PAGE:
SDG Indicator 4.5.6: Expenditure on education (from public, private, international sources) expressed as a percentage of the Gross Domestic Product (GDP) in a given financial year.
The indicator reports on:
1. Initial government expenditure on education as a percentage of GDP;
2. Initial private expenditure on education (household) as a percentage of GDP;
3. Initial private expenditure on education (other non-educational private entities) as a percentage of GDP;
4. International expenditure on education as a percentage of GDP;
5. Expenditure on education (public, private, international) as a percentage of GDP;
6. Expenditure on education (public, households, ODA) as a percentage of GDP.
The concepts used in this definition are defined in the National Education Accounts developed and published by UNESCO in 2016 and are summarized here.
- Financing unit (see UNESCO 2016b:22): The NEA defines financing units as “institutional units which provide financial resources to the domain” of education. The NEA distinguishes between financing units that finance education and producing units that provide education. These may be the same entity (e.g.: a ministry of education) but are considered separately in the NEA. The NEA offers the following categorization of financing units: (1) general government which includes all levels of government), (2) private sector, and (3) rest-of-world (international) includes external financing including those of international development partners. For the purpose of this proposal, private includes only households. In practice, the definition of households would need to vary by country and correspond to those from which expenditure data is collected. Rest-of-world includes Overseas Development Assistance (ODA), which would follow the OECD definition, and non-ODA. The choice to follow the OECD definition is also pragmatic given that the OECD CRA is the primary source of data on ODA flows.
- Initial financing (see UNESCO 2016b:29): The NEA distinguishes between initial and final financing to reflect the fact that financing units can transfer funding among each other. Initial financing includes direct expenditure on education by a financing unit as well as transfers to other units that are earmarked for education. Initial financing excludes any transfers being received that are earmarked for education. The intent with initial financing is to understand how much of its financing it is, on its own accord, allocating to education.
Data on education expenditure by source of funding are received from country governments responding to the annual UIS survey on formal education or to the UNESCO-OECD-Eurostat (UOE) data collection. The data used to fill the questionnaire on education expenditure may come from annual financial reports prepared by the Ministry of Finance or the Ministry of Education, or national accounts books prepared by the National Statistical Office. Data on private (Household) expenditure on education can also come from Household surveys (e.g. Household expenditure surveys). Data on GDP and government expenditure can be obtained from the International Monetary Fund's World Economic Outlook database, where data are updated once a year.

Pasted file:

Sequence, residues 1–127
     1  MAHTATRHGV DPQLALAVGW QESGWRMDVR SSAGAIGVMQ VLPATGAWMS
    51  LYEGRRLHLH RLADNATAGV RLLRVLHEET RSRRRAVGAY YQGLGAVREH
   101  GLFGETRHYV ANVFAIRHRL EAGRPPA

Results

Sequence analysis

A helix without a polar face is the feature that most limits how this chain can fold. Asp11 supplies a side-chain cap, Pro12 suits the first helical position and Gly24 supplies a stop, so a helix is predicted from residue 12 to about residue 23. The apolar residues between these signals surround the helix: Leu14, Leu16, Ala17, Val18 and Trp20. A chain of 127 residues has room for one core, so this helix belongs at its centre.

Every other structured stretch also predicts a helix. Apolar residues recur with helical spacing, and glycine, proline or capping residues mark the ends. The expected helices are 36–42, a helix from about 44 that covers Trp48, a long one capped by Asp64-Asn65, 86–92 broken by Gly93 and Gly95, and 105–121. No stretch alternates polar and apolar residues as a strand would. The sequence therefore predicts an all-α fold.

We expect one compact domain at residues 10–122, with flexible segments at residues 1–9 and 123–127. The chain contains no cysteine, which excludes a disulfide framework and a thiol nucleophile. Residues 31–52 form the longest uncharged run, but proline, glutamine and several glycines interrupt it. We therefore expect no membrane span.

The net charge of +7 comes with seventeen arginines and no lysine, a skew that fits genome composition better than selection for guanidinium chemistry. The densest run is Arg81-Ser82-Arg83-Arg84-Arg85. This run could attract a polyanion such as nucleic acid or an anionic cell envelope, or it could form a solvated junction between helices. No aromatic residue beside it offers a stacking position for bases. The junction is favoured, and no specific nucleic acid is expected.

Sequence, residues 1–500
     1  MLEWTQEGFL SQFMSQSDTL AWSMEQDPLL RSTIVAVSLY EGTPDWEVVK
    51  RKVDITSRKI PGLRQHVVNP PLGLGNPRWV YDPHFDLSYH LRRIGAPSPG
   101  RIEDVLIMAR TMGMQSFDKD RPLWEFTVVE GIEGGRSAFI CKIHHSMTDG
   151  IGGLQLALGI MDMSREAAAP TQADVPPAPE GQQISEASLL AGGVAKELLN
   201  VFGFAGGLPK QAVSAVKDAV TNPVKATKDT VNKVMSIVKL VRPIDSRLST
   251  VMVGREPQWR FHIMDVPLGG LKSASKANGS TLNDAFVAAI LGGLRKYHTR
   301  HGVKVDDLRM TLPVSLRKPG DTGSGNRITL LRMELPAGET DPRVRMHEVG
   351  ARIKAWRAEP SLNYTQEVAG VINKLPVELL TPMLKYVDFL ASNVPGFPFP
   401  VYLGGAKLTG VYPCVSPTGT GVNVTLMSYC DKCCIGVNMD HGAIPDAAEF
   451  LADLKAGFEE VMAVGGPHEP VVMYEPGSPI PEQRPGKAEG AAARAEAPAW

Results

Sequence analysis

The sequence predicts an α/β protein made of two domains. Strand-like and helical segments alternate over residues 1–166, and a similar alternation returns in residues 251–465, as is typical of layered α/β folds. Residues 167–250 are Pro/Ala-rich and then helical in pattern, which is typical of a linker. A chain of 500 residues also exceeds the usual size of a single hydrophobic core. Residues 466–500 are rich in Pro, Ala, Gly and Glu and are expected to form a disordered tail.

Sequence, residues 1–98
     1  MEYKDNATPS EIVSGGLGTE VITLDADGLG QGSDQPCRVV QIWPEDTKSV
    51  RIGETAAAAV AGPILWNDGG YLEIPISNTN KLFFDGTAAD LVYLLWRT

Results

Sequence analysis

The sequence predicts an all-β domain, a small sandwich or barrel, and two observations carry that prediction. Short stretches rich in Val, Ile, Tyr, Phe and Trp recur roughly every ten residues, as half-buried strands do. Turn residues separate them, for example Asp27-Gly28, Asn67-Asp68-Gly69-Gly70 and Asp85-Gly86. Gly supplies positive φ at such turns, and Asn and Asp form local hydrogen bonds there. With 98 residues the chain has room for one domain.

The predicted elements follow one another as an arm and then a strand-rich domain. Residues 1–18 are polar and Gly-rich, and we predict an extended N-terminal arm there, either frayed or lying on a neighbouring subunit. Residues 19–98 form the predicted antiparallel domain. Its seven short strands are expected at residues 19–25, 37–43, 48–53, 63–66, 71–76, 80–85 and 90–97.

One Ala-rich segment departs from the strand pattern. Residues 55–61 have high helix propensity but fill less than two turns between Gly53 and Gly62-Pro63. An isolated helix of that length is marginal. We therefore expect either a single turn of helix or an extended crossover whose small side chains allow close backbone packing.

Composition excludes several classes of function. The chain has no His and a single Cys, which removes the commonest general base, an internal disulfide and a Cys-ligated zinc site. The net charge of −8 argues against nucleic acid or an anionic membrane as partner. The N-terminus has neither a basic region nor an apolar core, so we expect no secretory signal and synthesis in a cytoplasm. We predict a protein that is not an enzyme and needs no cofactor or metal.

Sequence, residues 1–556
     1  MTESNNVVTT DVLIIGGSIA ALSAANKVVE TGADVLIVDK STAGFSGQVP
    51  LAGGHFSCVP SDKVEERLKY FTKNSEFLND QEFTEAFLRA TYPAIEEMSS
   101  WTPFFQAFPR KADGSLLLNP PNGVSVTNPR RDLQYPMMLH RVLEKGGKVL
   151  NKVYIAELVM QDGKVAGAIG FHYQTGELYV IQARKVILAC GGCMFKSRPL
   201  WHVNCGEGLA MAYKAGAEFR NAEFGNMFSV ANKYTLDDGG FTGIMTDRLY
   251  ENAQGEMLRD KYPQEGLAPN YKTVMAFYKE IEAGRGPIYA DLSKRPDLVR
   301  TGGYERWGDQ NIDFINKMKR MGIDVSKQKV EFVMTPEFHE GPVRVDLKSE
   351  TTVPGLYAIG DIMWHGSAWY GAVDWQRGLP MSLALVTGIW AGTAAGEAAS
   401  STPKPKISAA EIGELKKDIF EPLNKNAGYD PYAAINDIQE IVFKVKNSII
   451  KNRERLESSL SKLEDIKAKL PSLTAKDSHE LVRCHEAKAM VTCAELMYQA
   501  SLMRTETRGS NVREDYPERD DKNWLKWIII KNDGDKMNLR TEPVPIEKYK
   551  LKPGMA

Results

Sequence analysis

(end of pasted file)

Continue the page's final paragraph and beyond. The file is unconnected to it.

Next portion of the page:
UNESCO Institute for Statistics
Expenditure on education or initial expenditure on education (i.e. including transfers paid but excluding transfers received, when applied) in a given financial year from a given source of funding (public, private, international) expressed as percentage of the GDP for the same financial year.
The UIS Education Survey and the UOE Survey collect all the information needed to calculate initial general government financing, initial private sector household financing, and ODA; however, in practice, coverage is generally low, particularly for household initial financing and for low and middle-income countries. As a result, alternative data sources and methodologies are defined subsequently.
The following methodology is based on the variable names described in UNESCO (2020) UOE Data Collection Manual 2020 and reflects definitions used by the OECD in OECD (2018). Note that the definition of initial general government financing corresponds to the definition used in the OECD’s (2018) Handbook for internationally comparable education statistics (see pp. 114).
Table 1. UIS Education Survey and UOE data sources and calculation method
Table 2 presents non-UOE data sources used in the calculation.